Tuesday, August 18, 2020

The Latest on Shared Streets

On Friday, August 14, Mayor Kamal Johnson issued a new emergency order regarding Hudson Shared Summer Streets. Beginning on Monday, August 24, sharing the streets will happen only on weekends.

Photo: Hudson Hall
The new hours for Shared Streets are Friday from 4 p.m. to 10 p.m. and Saturday and Sunday from 11 a.m. to 10 p.m. During those hours:
  • Avoid driving on Warren Street whenever possible
  • Traffic is slowed to 5 mph
  • Cars, bikes, and pedestrians share the roadway. Cars must yield to pedestrians.
  • Pedestrians are encouraged to maintain 6 feet between themselves and others on sidewalks by walking the street 
  • Vehicles and pedestrians must observe traffic signals at intersections 
  • Public transportation runs on a regular schedule at 5 mph
When it is not during the hours of Shared Streets:
  • The maximum speed on Warren Street is 30 mph
  • Pedestrians must walk on the sidewalk and use designated crosswalks
  • Businesses that have built out their parking spaces may continue to operate in those parking spaces during their normal business hours throughout the week
  • Businesses may continue to operate on the sidewalk


  1. Why the crackdown? I was just beginning to see how Shared Streets could work--and was working. Tourism is now Warren Street's biggest business and in the summer it's 7 days a week! Why stop a good thing now? The Mayor at least owes us an explanation.

  2. Carole why not post Mayor Johnson’s WAMC interview you take quotes from his Facebook page and posts but never speak about the young man in a positive manner. I don’t get why he’s exceeding all expectations of him good grief.

  3. I am very disappointed to hear that the Shared Streets program is being drastically scaled back. Almost every day, I have enjoyed a leisurely bike ride down Warren Street from Worth Avenue to the river. It was possible to relax because I didn't have to worry about being doored or forced into the gutter by aggressive, impatient motorists.
    It's a shame that other people failed to take advantage of this great opportunity to get around by bicycle instead of by car. Unless we change our ways now, climate change will get even worse, and we'll destroy the planet that sustains us. Bike sales have soared during the pandemic, but I don't see more bikes on the road. It's a bit of a mystery.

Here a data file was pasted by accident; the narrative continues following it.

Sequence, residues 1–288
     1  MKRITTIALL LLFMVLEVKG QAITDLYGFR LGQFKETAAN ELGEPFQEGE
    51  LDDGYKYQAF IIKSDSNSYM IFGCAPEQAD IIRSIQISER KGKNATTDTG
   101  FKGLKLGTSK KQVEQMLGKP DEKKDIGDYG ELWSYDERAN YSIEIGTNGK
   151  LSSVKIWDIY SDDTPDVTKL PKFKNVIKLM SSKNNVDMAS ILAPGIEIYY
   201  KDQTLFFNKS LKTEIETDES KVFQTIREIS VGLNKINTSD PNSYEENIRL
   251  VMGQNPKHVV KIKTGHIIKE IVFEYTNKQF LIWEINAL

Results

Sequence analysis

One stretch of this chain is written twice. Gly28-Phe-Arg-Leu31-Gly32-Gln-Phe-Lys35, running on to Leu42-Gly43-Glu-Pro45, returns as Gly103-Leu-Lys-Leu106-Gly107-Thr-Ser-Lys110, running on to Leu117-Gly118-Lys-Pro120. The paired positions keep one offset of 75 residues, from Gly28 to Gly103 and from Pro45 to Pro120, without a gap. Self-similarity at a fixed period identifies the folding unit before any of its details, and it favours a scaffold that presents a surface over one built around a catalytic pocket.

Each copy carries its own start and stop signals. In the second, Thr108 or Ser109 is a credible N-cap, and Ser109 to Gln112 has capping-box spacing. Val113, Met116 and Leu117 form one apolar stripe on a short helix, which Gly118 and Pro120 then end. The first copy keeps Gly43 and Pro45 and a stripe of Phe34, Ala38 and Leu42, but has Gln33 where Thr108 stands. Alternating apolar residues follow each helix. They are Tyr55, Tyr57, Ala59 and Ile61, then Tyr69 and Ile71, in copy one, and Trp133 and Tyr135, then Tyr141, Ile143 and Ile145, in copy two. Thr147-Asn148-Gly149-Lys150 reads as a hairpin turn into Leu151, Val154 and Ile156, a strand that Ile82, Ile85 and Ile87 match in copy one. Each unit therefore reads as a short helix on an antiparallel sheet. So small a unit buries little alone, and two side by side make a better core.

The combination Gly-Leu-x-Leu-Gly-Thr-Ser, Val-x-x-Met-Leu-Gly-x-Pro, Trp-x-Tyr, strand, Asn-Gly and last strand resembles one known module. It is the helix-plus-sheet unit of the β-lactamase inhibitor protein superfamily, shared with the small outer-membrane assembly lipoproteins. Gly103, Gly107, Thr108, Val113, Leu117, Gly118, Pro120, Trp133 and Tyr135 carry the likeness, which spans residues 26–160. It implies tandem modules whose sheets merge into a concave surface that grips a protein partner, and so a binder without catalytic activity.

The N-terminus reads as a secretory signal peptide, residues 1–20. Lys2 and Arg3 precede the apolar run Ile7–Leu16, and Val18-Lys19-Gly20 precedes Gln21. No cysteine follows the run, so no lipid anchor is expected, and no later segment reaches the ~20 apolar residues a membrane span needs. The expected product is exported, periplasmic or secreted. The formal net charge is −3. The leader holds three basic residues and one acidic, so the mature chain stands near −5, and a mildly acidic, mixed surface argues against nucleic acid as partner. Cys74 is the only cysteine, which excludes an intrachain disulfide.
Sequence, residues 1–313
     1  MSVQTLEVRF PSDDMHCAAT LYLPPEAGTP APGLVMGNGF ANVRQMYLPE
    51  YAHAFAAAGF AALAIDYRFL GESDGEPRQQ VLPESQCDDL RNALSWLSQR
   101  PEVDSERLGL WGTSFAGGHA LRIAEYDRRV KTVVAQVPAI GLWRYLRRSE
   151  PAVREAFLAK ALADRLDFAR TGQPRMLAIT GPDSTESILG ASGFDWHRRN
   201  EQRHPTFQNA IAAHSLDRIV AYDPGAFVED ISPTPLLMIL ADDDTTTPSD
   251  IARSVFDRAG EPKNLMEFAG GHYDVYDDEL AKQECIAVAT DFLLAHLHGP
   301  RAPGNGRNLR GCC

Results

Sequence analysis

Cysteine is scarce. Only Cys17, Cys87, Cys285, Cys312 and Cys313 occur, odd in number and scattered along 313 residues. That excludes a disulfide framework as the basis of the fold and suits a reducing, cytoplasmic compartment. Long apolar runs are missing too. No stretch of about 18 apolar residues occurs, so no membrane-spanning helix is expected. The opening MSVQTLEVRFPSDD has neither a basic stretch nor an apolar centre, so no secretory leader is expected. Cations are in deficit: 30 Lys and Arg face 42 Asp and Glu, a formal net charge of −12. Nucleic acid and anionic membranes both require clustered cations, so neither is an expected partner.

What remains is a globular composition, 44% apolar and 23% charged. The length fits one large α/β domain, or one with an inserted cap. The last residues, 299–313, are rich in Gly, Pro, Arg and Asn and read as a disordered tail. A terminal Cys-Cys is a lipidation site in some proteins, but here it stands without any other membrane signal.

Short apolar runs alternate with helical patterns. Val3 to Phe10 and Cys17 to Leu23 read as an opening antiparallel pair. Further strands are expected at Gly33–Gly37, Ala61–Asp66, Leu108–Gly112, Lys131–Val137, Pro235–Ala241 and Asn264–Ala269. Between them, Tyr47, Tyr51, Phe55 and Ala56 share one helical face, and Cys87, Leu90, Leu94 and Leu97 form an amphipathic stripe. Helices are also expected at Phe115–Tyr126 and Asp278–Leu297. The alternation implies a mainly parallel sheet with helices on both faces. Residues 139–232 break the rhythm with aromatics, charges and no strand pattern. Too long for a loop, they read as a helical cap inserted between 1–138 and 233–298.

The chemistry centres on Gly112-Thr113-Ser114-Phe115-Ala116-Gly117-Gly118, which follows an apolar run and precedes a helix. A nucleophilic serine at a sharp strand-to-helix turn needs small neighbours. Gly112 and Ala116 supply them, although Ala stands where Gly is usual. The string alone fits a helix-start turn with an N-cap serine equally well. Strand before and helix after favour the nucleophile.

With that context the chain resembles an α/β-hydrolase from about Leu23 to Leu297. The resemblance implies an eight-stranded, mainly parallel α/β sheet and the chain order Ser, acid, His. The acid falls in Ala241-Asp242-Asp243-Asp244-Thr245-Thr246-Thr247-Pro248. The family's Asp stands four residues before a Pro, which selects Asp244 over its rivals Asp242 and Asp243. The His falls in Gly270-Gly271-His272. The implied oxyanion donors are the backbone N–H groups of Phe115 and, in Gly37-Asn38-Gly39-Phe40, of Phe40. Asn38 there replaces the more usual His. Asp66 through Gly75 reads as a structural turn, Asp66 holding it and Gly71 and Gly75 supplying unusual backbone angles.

4. Perhaps the city should explore the Shared Streets program as a way to encourage tourism in Hudson. Bicycle tourism is big business, especially in places like Vermont during autumn. Here in Hudson, hotels should offer three-night packages that include bike rentals, guided bike tours to Olana and Catskill, meals and hotel accommodations. By marketing Hudson as a mecca for bicycle tourism, we could create many jobs and generate more tax revenue, even during this pandemic. Food for thought.

  5. Not to mention the Empire State Trail, which will be finished soon!

  6. I think that Radio Row's ideas re: promoting bicycle tourism are excellent, and very much in tune with the direction I believe our town should be heading in. In contrast to this, am I the only one who has become increasingly oppressed by the growing number of very aggressive motorcyclists crowding Hudson's streets, particularly on weekends? Below 3rd sometimes seems like a speedway, with ridiculously reckless riding and revving going on all day. Is this an activity Hudson wants to promote, or discourage? It seems like we're near a tipping point...

  7. There is a small city in northeastern Pennsylvania called Jim Thorpe (formerly named Mauch Chunk). After the decline of the coal mining industry, the town fell on hard times.
    The town revived its economy by capitalizing on its beautiful scenery. Today, it is a mecca for mountain biking, whitewater rafting and rides on historic steam-powered trains. It is a case study for Hudson. How about train rides on steam engines from Hudson to Chatham? Raft trips down the Hudson River from Hudson to Catskill and Kingston? Or, scenic bike tours on Mount Merino Road and Spook Rock Road? Why don't we capitalize on these assets to build a robust tourist economy? Antiquing is great, but there is so much untapped potential. Let's think outside the box and get our collective ass in gear!

  8. Like Hudson, Mauch Chunk has an opera house. Maybe we should reach out and make it a "sister city."

  9. I strongly agree with the idea of bike trails and other related ideas to attract visitors. I would encourage the tourism board to take a look at the amazing things that are happening with the Harlem Valley Rail Trail which will eventually run from Ghent all the way down to Wassaic. I spent all day yesterday riding segments of the trail that are already open to the public including the stretch from Millerton to Wassaic, I highly recommend it to anyone interested in biking. The rail trails are flat, off road and family friendly.

  10. I also think that the Greenport Conservation Area is a wonderful resource which seems to be under appreciated. Maybe there would be some way to create hiking trails of bike trails that make it easy for people to access the conservation area directly from the north side of Hudson? Make Hudson a destination for hiking and biking.